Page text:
Some of the world’s most beloved plants — coffee, bananas, potatoes, and roses, to name a few — could be made even better, but the complexity of their chromosomes either stumps or stifles scientists who study them.
“They’re polyploids, which means instead of having two sets of chromosomes like humans or corn or soybeans or peaches, they have four, six, eight or even more sets,” said Dr. David Byrne, professor of Rosa and Prunus breeding and genetics for Texas A&M AgriLife Research, College Station. “They are among the most important ornamental and food crops, but they are always a challenge when trying to develop better varieties.”
“With a diploid, or species with only two sets, researchers have two choices per gene when introducing a trait to breed a better variety,” he explained. “With a polyploid, if it has four sets of chromosomes, you have four choices per gene, for example. So it’s that much more complicated with multiple sets when trying to interpret what’s going on within the plant.”
Byrne decided to bring together scientists from around the world, including from the CGIAR Research Program on Roots, Tubers and Bananas (RTB), to ponder how to collaborate and compare findings with the hopes of accelerating work on these plants. With a $47,000 grant from the U.S. Department of Agriculture-National Institute of Food and Agriculture, about 40 researchers will convene in San Diego in January 11-12 to begin the work.
“In RTB, we are developing genomic tools to analyse polyploid and highly heterozygous genomes which are typical of our crops (cassava is diploid, but highly heterozygous), in order to assist and enhance breeding programs,” added Dr. Michael Friedmann, Science Office with RTB.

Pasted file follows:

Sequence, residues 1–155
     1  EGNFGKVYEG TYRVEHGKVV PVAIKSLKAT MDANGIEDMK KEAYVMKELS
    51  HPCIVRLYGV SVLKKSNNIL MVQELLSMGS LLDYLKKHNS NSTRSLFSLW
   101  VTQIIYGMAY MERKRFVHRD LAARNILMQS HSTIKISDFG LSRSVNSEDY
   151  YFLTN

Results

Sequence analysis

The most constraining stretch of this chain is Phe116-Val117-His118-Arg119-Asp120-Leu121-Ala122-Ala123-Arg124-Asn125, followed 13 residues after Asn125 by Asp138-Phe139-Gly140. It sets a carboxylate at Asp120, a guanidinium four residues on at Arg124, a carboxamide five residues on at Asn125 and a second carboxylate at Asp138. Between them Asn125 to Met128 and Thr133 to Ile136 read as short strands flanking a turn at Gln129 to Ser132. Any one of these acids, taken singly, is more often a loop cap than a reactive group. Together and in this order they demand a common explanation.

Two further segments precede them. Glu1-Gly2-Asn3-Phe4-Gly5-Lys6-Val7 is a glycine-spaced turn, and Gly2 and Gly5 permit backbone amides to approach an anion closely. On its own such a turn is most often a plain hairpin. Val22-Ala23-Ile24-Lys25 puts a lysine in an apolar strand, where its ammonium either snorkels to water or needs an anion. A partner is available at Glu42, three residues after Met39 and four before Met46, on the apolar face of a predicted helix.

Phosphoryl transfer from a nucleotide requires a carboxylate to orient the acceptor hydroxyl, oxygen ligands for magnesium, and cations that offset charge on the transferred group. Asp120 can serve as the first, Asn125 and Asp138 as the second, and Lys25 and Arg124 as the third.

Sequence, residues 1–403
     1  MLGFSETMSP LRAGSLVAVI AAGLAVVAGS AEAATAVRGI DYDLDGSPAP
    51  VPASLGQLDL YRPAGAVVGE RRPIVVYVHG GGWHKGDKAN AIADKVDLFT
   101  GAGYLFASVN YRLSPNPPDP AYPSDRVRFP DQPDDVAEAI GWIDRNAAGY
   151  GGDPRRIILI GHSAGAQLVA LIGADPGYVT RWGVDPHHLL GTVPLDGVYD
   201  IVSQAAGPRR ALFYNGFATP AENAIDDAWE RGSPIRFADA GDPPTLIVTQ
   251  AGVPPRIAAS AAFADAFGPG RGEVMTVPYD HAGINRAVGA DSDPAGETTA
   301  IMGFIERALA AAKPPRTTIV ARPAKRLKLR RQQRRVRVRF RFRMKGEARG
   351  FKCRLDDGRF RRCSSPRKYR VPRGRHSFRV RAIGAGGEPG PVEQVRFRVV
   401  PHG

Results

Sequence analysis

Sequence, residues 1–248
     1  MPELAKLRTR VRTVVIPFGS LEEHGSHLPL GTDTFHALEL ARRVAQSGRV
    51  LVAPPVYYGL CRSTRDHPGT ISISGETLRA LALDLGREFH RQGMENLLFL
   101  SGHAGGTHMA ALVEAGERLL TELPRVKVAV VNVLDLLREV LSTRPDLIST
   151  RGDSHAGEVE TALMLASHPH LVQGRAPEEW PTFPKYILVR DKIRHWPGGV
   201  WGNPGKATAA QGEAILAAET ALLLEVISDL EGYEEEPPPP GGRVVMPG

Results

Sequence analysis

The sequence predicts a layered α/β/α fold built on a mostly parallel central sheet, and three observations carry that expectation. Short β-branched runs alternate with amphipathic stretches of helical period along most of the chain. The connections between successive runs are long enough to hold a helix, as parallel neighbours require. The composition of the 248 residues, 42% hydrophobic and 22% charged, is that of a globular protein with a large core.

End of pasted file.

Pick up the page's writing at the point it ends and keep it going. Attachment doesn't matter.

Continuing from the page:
RTB breeding programs target the improvement of root, tuber and banana crops across a range of areas including nutritional content, resistance to pests and diseases, better tolerance to heat and drought, along with traits valued by consumers, such as high dry matter content in sweetpotato and cassava.
“This work is very challenging, and we look forward to collaborating with this initiative. We have much to contribute to each other, as these various crops share similar problems, and the tools developed can be made widely applicable,” said Friedmann.
Byrne went on to explain that advances in DNA sequencing, for instance, can cut through the genetic code of diploid crops in rapid speed, but lag when yielding information and methods of analyzing data on polyploid crops.
Byrne said while researching the topic, he realized various scientists are studying the issues of polyploids on individual species but not working together for overall, common areas that could benefit all of the crops and hasten advances and improvements.
“In general, progress in a breeding program that is working with polyploids is slower than diploids to begin with, and then not having the genomic tools to accelerate the breeding just makes it worse. There may be a study in potatoes and another in chrysanthemums, but they are not working together,” he said. “And we have a lot of the same issues in all these crops. So the concept here is to bring them all together and agree to work together — to try to put our heads together to solve some of the basic problems we have.”
In addition to scientists currently working on polyploid crops, Byrne plans to include affiliated industries interested in the advancement of these crops. He expects a “white paper” produced from the January meeting to clearly identify gaps in techniques and understanding along with providing suggestions on what research is needed to solve these problems.
“Hopefully by the time we are done, we will have a work plan to develop a grant that will enable us to work on improving all the polyploid crops,” Byrne said.
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